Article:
Originally Published in AJET Connect April 2014
I came to Japan to watch pro wrestling. I’d been a fan of the American version of the sport all my life, but I’d lost interest by the time I’d reached college. The World Wrestling Federation (WWF) had become as obnoxious, sexist, racist, boring, and unintelligent as its detractors had claimed. However through the still developing magic of the internet I discovered ‘puroresu’, the Japanese art of pro wrestling. The contrast between ‘puroresu’ and its American equivalent was stark.
Mainstream US pro-wrestling companies had long dropped any pretense of athletic competition, and the events often had more talking than they did wrestling. ‘Puroresu’ was all about the wrestling, and featured more innovative, more athletic, and all around more interesting competitors. Gone were the immobile body builders and untrained models that clogged up American TV. ‘Puroresu’ was filled with former kick-boxers, amateur wrestlers, and judo practitioners. Wrestlers like Kenta Kobashi, Mitsuharu Misawa, and Shinya Hashimoto told their stories inside the ring.
Whereas American wrestling wallowed in the lowbrow aspects of sports, such as tribalism and jingoism, ‘puroresu’ highlighted the transcendent elements. In ‘puroresu’, men and women pushed their bodies and minds to do the impossible, just to prove they were the best at doing the impossible. Yes, women. The likes of Manami Toyota and Ayako Hamada were legitimate competitors in ‘puroresu’, not the inferior eye candy that the top US companies relegated women to.
Low-resolution pre-YouTube videos of ‘puroresu’ were a revelation, but wrestling is meant to be seen live, so I made my way to Tokyo to see it with my own eyes. The experience of going to my first ‘puroresu’ show is difficult to put into words, and I’ve been to so many shows since then that it’s hard to recall specifics. However, I can’t forget the excitement that I felt as I walked into the venue, and was greeted by wrestling legend Shinjiro Ohtani. I remember the camaraderie with, and occasional animosity towards, other fans as we cheered. I recall the ease with which we could suspend disbelief, and think that our passionate cries could actually affect the predetermined outcomes. I remember feeling that the costumes, the characters and the combat were all as good as those in an action film. The difference was that it was all taking place just a few feet away from me.
It was obviously an amazing experience for me, but you don’t have to be a lapsed Hulk Hogan fan to appreciate a Japanese pro wrestling show. I’ve actually brought more than a few friends to their first ‘puroresu’ show, and they’ve all have had a great time. Pro wrestling is art, and it’s an art form Japan has led the world in for decades. Anyone interested in Japan owes it to themselves to see the result first-hand.
You shouldn’t have trouble finding ‘puroresu’ events here. No one actually knows how many pro wrestling companies or pro wrestlers there are in Japan because there’s far too many to count. The Mecca is, of course, Tokyo. Venues like Shinjuku FACE, Shin-Kiba 1st Ring, and Korakuen Hall put on half a dozen shows each week. If you’re not near the megalopolis, the major Japanese companies tour the whole of Japan regularly, and there are numerous upstart prefectural promotions across the country.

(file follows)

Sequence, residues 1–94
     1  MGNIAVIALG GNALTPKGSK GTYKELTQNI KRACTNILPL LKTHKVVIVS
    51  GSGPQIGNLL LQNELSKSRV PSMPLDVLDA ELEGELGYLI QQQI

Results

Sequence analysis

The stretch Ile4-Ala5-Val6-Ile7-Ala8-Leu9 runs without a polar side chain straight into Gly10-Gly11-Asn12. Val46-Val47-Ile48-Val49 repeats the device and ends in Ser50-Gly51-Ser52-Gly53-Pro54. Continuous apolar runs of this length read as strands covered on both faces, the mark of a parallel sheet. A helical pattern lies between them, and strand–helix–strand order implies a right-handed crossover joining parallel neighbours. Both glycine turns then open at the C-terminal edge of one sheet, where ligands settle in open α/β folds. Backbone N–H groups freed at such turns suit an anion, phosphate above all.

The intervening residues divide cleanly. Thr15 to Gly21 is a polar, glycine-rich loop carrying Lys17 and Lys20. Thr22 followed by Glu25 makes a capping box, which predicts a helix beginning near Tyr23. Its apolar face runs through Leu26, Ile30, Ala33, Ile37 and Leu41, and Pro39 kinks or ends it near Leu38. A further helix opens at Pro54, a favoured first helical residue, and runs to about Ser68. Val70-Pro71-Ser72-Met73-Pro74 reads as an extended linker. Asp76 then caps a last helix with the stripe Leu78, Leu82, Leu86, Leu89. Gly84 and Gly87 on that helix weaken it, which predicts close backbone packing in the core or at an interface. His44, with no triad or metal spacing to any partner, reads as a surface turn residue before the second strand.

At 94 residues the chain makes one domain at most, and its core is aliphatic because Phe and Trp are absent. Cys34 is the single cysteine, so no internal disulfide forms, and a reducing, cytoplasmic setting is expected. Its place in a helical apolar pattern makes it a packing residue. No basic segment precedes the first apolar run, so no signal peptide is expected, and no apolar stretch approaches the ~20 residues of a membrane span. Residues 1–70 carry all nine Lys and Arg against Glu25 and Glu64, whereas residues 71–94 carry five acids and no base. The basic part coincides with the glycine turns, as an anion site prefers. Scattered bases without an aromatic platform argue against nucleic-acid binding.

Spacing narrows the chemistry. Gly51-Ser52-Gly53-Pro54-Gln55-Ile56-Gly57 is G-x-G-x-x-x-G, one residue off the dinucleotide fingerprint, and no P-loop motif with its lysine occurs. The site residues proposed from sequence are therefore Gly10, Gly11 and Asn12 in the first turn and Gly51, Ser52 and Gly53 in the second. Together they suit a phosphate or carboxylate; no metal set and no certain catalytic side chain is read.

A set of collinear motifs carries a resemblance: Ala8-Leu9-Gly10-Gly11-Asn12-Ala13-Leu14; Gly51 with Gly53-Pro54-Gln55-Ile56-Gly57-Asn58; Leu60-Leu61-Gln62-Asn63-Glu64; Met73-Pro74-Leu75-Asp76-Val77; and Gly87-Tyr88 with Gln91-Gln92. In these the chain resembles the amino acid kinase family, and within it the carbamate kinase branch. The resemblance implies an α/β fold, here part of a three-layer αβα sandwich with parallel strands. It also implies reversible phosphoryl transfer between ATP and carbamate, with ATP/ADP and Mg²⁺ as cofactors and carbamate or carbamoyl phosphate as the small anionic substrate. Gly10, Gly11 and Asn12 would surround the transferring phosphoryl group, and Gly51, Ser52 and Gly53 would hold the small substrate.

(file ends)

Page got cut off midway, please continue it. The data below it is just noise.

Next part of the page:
If you’re spoiled for choice when choosing your first event, go to New Japan, NOAH, or WRESTLE-1 to experience classic, hard-hitting, sports-like puroresu’. Go to Dragon Gate for more athletic, and slightly more implausible, bouts featuring high-flying, muscled up ‘ikemen’. If you’re perfectly happy with American wrestling as it is, Wrestling New Classic, run by TAJIRI, will give you more of the same. If you’re looking to get weird, Dramatic Dream Team (DDT) offers a bizarre mix of truly great pro wrestling, with over the top sexual humor and inanimate objects. An inflatable doll named YOSHIHIKO, which is treated as though it’s a living wrestler, is one of DDT’s most entertaining stars.
If you want something truly extreme, visit Big Japan Pro Wrestling (BJW), which stages death match style events. Increasing awareness surrounding the dangers of blood-borne diseases has made death matches a dying art. For the time being though, there are still Japanese pro wrestlers spilling their blood in the name of entertainment, as men like Jun Kasai continue to throw themselves into light tubes, nail boards, barbed wire, and glass sheets. BJW also features lots of fantastic traditional wrestling as well.
There’s also the comedic stylings of Osaka Pro, scored bouts from MMA precursor U-STYLE, college students putting on free events, sketchy cat fight shows, even sketchier indy sleaze promotions where you’re not allowed to take photos, Power Rangers-inspired wrestling operas, and so much more.
Out of all the available pro-wrestling companies in Japan, my personal favorites are the women’s wrestling companies like JWP, WAVE, LLPW, Oz Academy, STARDOM, and ICE Ribbon. Female wrestlers, referred to simply as ‘joshi’, can’t just rely on brute strength, so they’ve had to be innovative. ‘Joshi’ are often responsible for creating new wrestling moves.
Their unique style, striking pageantry, skill and passion are the highlight of ‘puroresu’ for me.
‘Puroresu’ offers a bit of something for everyone, you owe it to yourself to see what it can offer you. Show listings can be found in the widely distributed ‘Weekly Puroresu’ magazine or courtesy of Puwota. Have fun.